I’m not happy with this example, as I wrote out every variable so that they’re self-descriptive. But it leaves the function signature a bit long. Even though it won’t be self-descriptive, I’m going to turn these into acronyms for now. Later, I’ll resolve the naming problem, because it’s a roadblock otherwise and as we all know, naming stuff is hard. For now, just for now, I’m going to refactor the storage function to look like this.

func Storage(tbm float32, ps float32, rd float32, tr float32, es float32) float32 {
    return ((rd / ps) - es) * tr * tbm
}

Am I happier with that? Not really, but it at least fits on the screen. Anyway, on to the next metric to measure. Following good practice, a test first.

func TestTransport(t *testing.T) {

    var d int = 8000 /* Total cars traveling the roadway for the test time frame. */
    var h int = 1200 /* The number of cars that can travel the roadway per hour. */

    result := Transport(d, h)

    fmt.Println(result)

    if result != 6.6666665 {
        t.Error("Failure to determine correct transportation throughput.")
    }
}

Then I implement it with this:

func Transport(TotalCars int, CarsPerHour int) float32 {
    return float32(TotalCars) / float32(CarsPerHour)
}

Now for the dead space test:

func TestDeadSpace(test *testing.T) {
    var t int = 23 /* Transport or transporting (the result of the "Transport" equation). */
    var e int = 2  /* Empty parking sports per hour. This value is what would be the same \
    as the E value in the Storage function. */

    result := DeadSpace(t, e)
    if result != 25 {
        test.Error("Nope that isn't the correct amount of dead space.")
    }
}

Then the implementation of it:

func DeadSpace(t int, e int) int {
    return t + e
}

With those functions in place, I can now, finally, after all this work, move toward an initial answer! Now I’m going to write a set of tests, one for each of the percentages that are requested in the original code challenge. One test for the storage, transport, and dead space percentages. For these tests, I’m doing a nice easy split of storage, transport, and dead space; 50, 75, and 75. That way, I can calculate it out in my head if need be.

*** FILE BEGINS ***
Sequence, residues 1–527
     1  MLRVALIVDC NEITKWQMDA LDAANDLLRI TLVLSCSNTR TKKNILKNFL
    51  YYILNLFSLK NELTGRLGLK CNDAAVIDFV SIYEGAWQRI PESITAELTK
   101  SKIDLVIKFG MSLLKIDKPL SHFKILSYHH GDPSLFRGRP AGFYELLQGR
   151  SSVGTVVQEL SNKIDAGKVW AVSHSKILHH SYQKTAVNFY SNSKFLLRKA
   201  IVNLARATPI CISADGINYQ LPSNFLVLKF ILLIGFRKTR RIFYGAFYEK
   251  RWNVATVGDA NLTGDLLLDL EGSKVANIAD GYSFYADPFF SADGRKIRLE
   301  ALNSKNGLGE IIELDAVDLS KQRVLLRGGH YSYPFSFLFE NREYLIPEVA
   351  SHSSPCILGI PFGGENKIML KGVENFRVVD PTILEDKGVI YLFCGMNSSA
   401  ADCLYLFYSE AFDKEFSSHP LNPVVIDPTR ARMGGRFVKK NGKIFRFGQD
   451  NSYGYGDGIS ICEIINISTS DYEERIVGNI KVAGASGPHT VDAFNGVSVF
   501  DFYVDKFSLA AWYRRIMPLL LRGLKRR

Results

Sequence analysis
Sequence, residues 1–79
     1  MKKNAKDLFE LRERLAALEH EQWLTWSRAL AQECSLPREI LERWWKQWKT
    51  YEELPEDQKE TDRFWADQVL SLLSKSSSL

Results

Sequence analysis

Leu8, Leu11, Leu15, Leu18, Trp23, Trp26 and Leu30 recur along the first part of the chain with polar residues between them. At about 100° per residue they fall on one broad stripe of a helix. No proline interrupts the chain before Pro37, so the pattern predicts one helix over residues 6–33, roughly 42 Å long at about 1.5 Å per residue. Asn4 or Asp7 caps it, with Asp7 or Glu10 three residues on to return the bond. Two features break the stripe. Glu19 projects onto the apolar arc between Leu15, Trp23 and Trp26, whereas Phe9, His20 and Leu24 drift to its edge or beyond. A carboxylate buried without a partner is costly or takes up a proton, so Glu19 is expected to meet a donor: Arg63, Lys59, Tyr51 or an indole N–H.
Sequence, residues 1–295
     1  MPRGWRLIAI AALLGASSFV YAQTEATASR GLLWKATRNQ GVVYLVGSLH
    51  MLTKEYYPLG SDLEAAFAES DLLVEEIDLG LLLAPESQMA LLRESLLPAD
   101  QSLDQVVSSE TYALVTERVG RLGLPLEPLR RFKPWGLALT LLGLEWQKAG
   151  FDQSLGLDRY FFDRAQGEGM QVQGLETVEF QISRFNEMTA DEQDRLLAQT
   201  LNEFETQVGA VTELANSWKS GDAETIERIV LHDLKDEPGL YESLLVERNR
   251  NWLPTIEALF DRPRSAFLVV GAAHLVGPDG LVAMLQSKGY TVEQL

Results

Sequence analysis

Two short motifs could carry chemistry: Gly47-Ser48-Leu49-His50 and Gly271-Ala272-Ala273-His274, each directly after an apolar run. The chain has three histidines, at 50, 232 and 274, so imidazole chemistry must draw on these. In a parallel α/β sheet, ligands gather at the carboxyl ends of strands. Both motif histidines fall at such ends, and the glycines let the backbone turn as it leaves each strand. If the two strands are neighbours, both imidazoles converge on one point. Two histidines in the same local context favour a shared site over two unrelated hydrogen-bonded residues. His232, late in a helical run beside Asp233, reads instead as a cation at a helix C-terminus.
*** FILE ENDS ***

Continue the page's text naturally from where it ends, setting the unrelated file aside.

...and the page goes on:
func TestGimmeTheStoragePercent(t *testing.T) {
    result := GimmeTheSolutionAlready(50, 75, 75)

    if result[0] != 25 {
        t.Error("The storage percentage is not correct.")
    }
}

func TestGimmeTheTransportPercent(t *testing.T) {
    result := GimmeTheSolutionAlready(50, 75, 75)

    if result[1] != 37.5 {
        t.Error("The transport percentage is not correct.")
    }
}

func TestGimmeTheDeadspacePercent(t *testing.T) {
    result := GimmeTheSolutionAlready(50, 75, 75)

    if result[2] != 37.5 {
        t.Error("The dead space percentage is not correct.")
    }
}

My implementation that I then put together looks like this:

func GimmeTheSolutionAlready(storage float64, transport float64, deadspace float64) []float64 {
    var quotient = (storage + transport + deadspace) / 100
    var storagePercent = storage / quotient
    var transportPercent = transport / quotient
    var deadspacePercent = deadspace / quotient

    var result []float64
    result = append(result, storagePercent)
    result = append(result, transportPercent)
    result = append(result, deadspacePercent)

    return result
}

Did I do it right? Here’s the Github Repo! Whew, I’ll check it a bit later, but happy for someone else to point out an error or code mishap! Overall though, this is my first brutally long rough draft of code with a few unit tests and this whole blog entry written!

I’m also interested in what else you think should go into this mix. I’m likely to turn this into a CLI just for fun and would like to add additional complexities into it, so that when I implement the CLI, it can create the actual story of what this tells us about a roadway. So get out your urban planner, car counting, road nerd glasses and let me know what your thoughts are.

Until next code challenge, or ya know, whenever, happy coding!

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Topics:
urban planning ,golang ,go ,devops ,code challenge